Preview Mode Links will not work in preview mode

THE Leadership Japan Series by Dale Carnegie Training Tokyo Japan

Jun 14, 2023

As a leader, try yelling “be inclusive, be inclusive, be inclusive” at your staff members.  You are trying to move the organisation toward achieving greater creativity and innovation through the benefits of diversity.  You know that becoming more inclusive is the catalyst for gaining diversity inside the firm.  The President and the Executive Team have made the official pronouncements about using diversity to better prepare for a more creative and successful future.  Whatever your own thoughts on the merits of diversity, it is your leader job to turn their pronouncement into reality.  Being a smart leader, you know that just yelling at your staff to be more inclusive is a nonsense and won’t work.  Great, so what do you do about those in your charge?

This type of major transformation is not the moment for shotgun style team meetings or town halls to convince everyone to get on board with senior managements directions.  En masse, that blanket approach will yield a lot of tatemae or superficial acceptance, but the honne of entrenched resistance will still remain there, hidden and submerged.

In Japan, diversity actually means gender diversity, rather than LGBTQ, racial or religious diversity.  To drive gender diversity requires a lot of one-on-one meetings with the team members.  Busy leaders may think, “well diversity is a noteworthy aspiration, from the President, but in reality, I am already busy with my current workload. Where can I possibly fit in time for this additional activity?”.  All true, but there will be no change unless the leaders make the time available to have those individual conversations with their team members.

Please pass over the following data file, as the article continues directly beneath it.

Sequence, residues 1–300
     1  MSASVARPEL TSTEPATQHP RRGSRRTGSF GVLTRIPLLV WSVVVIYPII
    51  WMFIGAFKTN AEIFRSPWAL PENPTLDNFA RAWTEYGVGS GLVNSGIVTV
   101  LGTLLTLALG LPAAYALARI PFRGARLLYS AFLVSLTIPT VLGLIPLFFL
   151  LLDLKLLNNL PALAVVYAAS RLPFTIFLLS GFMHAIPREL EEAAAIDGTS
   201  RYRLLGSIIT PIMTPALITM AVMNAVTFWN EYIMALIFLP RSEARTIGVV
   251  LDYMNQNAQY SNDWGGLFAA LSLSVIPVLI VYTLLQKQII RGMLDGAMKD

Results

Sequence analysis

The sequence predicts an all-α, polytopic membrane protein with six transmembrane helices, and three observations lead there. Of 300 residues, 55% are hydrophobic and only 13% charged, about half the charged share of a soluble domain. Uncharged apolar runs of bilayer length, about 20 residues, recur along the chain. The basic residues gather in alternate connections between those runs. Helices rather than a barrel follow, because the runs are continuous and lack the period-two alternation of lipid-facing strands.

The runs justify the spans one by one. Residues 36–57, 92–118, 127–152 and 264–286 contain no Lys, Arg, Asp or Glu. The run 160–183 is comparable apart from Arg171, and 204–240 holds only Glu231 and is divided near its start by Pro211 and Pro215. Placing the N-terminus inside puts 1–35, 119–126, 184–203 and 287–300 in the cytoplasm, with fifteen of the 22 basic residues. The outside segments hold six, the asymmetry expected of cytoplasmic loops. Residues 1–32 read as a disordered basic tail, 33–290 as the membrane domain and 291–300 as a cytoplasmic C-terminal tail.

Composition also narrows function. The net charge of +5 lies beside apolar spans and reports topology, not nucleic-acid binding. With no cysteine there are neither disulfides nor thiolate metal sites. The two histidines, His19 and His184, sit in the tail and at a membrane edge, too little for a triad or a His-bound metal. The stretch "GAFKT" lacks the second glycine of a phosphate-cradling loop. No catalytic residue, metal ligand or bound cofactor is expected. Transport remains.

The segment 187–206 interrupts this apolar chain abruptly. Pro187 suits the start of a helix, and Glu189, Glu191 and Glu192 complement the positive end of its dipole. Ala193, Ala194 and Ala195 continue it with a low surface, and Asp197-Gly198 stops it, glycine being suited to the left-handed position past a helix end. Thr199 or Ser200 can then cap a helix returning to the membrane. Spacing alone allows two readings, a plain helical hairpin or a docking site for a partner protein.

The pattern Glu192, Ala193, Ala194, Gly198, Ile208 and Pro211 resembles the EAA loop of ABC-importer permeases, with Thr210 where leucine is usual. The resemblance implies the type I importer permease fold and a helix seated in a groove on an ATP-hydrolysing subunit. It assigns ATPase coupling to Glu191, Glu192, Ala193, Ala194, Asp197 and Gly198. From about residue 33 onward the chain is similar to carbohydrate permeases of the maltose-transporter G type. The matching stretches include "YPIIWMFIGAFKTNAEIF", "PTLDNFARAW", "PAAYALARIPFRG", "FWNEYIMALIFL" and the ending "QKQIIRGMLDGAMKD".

What will those conversations involve?  To get transformational change, we need to work on our emotional change (EC) and add to it changes in behaviour (BC), to get the performance change (PC) we need.  In our talks with our staff, we should explore their mindset about inclusion?  They may have never thought about it before, so this is a vital first step for them. What are they thinking about this new direction?  Do they think this new direction will harm the organisation and that the senior executives are mistaken in their approach?

What is their opinion about gender diversity?  Do they have female relatives or friends who may currently be affected by a lack of inclusion in their workplaces? What are their set of beliefs about this topic?  Have they inherited dated or mistaken ideas from others, rather than investigating what they think, based on their own research? What emotions does inclusion trigger for them?  Are they fearful of the consequences?  If they are men, do they see women as rivals or competitors for future promotion to senior positions? What insights do they have about how to secure an inclusive workplace?  If it was going to work here, how would we get it to work?  What could we do to make this environment more inclusive and more innovative by drawing on the strengths of the whole team?  How can we position ourselves to beat the competition?